Back and forth. Back and forth. Monkey went home six times before we could finally stop the back and forth. Back and forth. Back and forth. Cracks showed and broke open in his shell as the pressure and fear sent him to anxieties’s doorstep. I needed to help him. Somehow under the guise of promising his mother that she would be getting weekly playdates with him and how I needed help from a therapist; not her, never her I signed him up for therapy. Monkey’s mother was mom of the year after-all and I was the fumbling caretaker who did not have the magical mom bond only given to those who had given birth. I laced the promise with ego stroking massages and miraculously she agreed to get monkey in child play therapy. That way we all can help him. He needed so much help as he was cracking and breaking with each back and forth.
‘It’s all for monkey.’ I told her.
‘All for my son’ she replied.
I showed up with monkey in tow. He was excitable and hyper as he recognized the glass windows of the therapists office.
‘My mommy in there’
I smiled and ruffled his mop of curls. I looked to he’s bare toes wiggling up at me. He was dancing and twirling in hand me down and well used flip flops. Monkey’s attachment to shoes was the focus of hours of therapy. For weeks straight he refused to take off the mint condition Jordans his mother had deposited him into our laps wearing. He would scream and hit in frantic desperation to keep the shoes securely on his feet when I threatened his security blanket to remove them. The screams chilled my blood and I resigned to battling only over bath time when it was impossible to clean him with his footwear. The bath routine was a rush of hysterical screaming as I splashed and rushed to clean him as fast as I could in order to put his beloved shoes right back on. And just like that, with the same magic of Cinderella slipping on her glass slipper, he would instantly return to his quiet, content self. I on the other hand would hide in the closet trying to breath as my heart raced from the entire encounter.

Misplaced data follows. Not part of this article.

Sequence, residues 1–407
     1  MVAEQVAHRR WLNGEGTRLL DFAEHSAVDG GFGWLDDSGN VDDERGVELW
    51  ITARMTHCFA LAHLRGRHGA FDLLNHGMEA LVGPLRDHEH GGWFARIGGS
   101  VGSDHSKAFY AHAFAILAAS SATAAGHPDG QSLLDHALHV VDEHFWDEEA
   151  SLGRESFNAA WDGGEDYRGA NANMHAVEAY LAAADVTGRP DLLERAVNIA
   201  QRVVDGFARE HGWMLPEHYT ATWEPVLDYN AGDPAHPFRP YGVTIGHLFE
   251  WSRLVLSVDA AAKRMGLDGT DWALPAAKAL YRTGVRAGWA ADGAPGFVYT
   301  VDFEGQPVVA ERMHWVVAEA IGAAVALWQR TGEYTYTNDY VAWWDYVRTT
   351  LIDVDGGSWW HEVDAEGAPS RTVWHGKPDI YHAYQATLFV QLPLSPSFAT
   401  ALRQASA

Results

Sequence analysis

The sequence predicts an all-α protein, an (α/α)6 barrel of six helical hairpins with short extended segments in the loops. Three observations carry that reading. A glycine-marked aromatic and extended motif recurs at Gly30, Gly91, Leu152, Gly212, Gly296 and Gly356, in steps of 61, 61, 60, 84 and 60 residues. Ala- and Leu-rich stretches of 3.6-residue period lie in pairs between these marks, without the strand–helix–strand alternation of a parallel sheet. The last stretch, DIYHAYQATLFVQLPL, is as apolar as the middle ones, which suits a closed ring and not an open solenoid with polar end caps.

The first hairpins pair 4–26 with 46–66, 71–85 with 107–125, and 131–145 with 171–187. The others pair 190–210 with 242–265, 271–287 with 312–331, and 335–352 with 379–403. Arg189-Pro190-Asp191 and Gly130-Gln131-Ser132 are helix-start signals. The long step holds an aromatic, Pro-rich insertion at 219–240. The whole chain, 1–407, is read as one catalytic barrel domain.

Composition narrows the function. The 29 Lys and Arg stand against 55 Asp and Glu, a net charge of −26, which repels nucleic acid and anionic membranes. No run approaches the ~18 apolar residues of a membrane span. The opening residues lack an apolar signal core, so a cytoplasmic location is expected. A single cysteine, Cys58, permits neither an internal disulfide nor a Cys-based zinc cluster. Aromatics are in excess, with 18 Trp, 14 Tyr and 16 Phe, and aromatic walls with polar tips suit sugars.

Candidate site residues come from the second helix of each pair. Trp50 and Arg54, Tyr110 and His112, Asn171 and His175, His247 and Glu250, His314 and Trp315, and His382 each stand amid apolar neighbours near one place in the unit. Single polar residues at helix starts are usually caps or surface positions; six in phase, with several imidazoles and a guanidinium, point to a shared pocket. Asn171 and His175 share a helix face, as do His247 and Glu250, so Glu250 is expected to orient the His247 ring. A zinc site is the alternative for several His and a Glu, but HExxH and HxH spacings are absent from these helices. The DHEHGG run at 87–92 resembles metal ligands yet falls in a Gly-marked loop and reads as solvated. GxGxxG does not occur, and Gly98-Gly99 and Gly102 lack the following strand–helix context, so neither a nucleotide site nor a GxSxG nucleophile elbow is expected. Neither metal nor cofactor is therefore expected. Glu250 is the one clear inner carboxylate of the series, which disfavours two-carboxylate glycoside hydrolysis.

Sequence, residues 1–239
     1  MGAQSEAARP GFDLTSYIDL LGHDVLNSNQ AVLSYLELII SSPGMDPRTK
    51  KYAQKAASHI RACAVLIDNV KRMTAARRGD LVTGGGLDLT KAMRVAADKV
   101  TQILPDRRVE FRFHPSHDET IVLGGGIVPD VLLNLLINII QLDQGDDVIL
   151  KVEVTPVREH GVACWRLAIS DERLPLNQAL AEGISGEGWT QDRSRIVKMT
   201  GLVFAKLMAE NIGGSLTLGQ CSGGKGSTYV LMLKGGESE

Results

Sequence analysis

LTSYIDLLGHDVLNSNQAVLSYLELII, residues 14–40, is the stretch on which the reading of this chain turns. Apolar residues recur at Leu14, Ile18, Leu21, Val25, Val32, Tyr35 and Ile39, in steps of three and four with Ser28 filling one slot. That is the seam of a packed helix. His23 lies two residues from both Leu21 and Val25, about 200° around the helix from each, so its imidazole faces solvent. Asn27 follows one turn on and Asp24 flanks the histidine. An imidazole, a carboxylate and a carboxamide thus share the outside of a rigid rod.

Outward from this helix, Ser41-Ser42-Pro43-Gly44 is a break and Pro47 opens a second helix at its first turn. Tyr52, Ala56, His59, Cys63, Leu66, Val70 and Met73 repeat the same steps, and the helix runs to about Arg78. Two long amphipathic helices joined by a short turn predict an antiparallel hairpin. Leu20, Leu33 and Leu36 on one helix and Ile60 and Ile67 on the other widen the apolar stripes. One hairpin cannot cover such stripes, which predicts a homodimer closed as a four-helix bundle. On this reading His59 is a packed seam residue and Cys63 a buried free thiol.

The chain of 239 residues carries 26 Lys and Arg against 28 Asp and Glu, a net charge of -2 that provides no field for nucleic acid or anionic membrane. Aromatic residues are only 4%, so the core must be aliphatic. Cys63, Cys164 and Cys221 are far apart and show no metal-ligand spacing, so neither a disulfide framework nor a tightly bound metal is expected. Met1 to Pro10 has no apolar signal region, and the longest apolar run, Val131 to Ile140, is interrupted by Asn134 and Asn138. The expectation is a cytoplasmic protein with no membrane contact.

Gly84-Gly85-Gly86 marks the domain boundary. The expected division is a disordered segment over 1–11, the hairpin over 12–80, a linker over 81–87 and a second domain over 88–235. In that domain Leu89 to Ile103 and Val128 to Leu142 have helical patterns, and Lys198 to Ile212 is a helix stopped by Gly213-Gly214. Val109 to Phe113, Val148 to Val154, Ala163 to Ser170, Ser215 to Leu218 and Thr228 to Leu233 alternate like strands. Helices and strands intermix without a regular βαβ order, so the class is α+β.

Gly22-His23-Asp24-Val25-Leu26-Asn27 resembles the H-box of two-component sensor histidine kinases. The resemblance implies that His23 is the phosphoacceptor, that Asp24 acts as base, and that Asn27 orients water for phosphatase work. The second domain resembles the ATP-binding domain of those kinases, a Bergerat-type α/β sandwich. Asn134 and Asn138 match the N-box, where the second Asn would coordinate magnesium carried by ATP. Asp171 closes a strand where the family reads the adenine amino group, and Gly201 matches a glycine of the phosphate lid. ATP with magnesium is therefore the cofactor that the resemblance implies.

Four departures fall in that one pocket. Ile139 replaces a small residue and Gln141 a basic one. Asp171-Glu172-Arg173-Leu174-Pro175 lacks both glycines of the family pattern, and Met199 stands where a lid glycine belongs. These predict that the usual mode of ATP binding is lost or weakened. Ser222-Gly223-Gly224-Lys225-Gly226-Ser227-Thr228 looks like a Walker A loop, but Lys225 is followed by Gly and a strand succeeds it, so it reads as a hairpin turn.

The therapy was slowly reaping good fruit as this morning he surprised me when he came out with flip flops on his small feet.
‘Are you sure monkey?’
‘Yup mommy I love my flip flops’
And I tackled him in laughter and giggles and kisses and hugs as we celebrated this milestone of recovery. All of that was about to hit the fan and I knew it as he proudly marched in his flip flops to the glass office building where the intensity of his mother waited inside.
It is the moments between moments they say. It is that pause between breaths. It is the space between when life drudges on from one event to anther. That is it. That is when magic happens. I stood frozen. I had wrestled open the too heavy doors of the children’s behavior specialists office in order to make an eloquent entrance but performing anything but elegant performance. Our new normal. Our routine as of a month ago was a weekly pilgrimage to what monkey now called ‘belly mommy’s house’. And there we stood. My backpack slipping off my shoulder as the door shut abruptly behind me; the impact pushing me forward to trip over monkey as he stood always interwoven between my legs. His head barely reaching the top of my stretched long from years of ballets limbs. My tree hugger; clinging to my trunk ever swaying in the wind. The door clamored. All eyes in the waiting room lifted from whatever brand of handheld electronics they were glued too. I sigh; backpack slipping, slipping. My stance faltering. Tripping awkwardly showing I was incapable of achieving much. I sigh, they are watching my every sound. I look down trying to figure out why monkey has stopped his forward progression. Slowly my eyes drift up to match his line of vision to the pin point of his focus. The red dot of a laser focused right on his belly mother sitting in the uncomfortable metal chairs opposing us.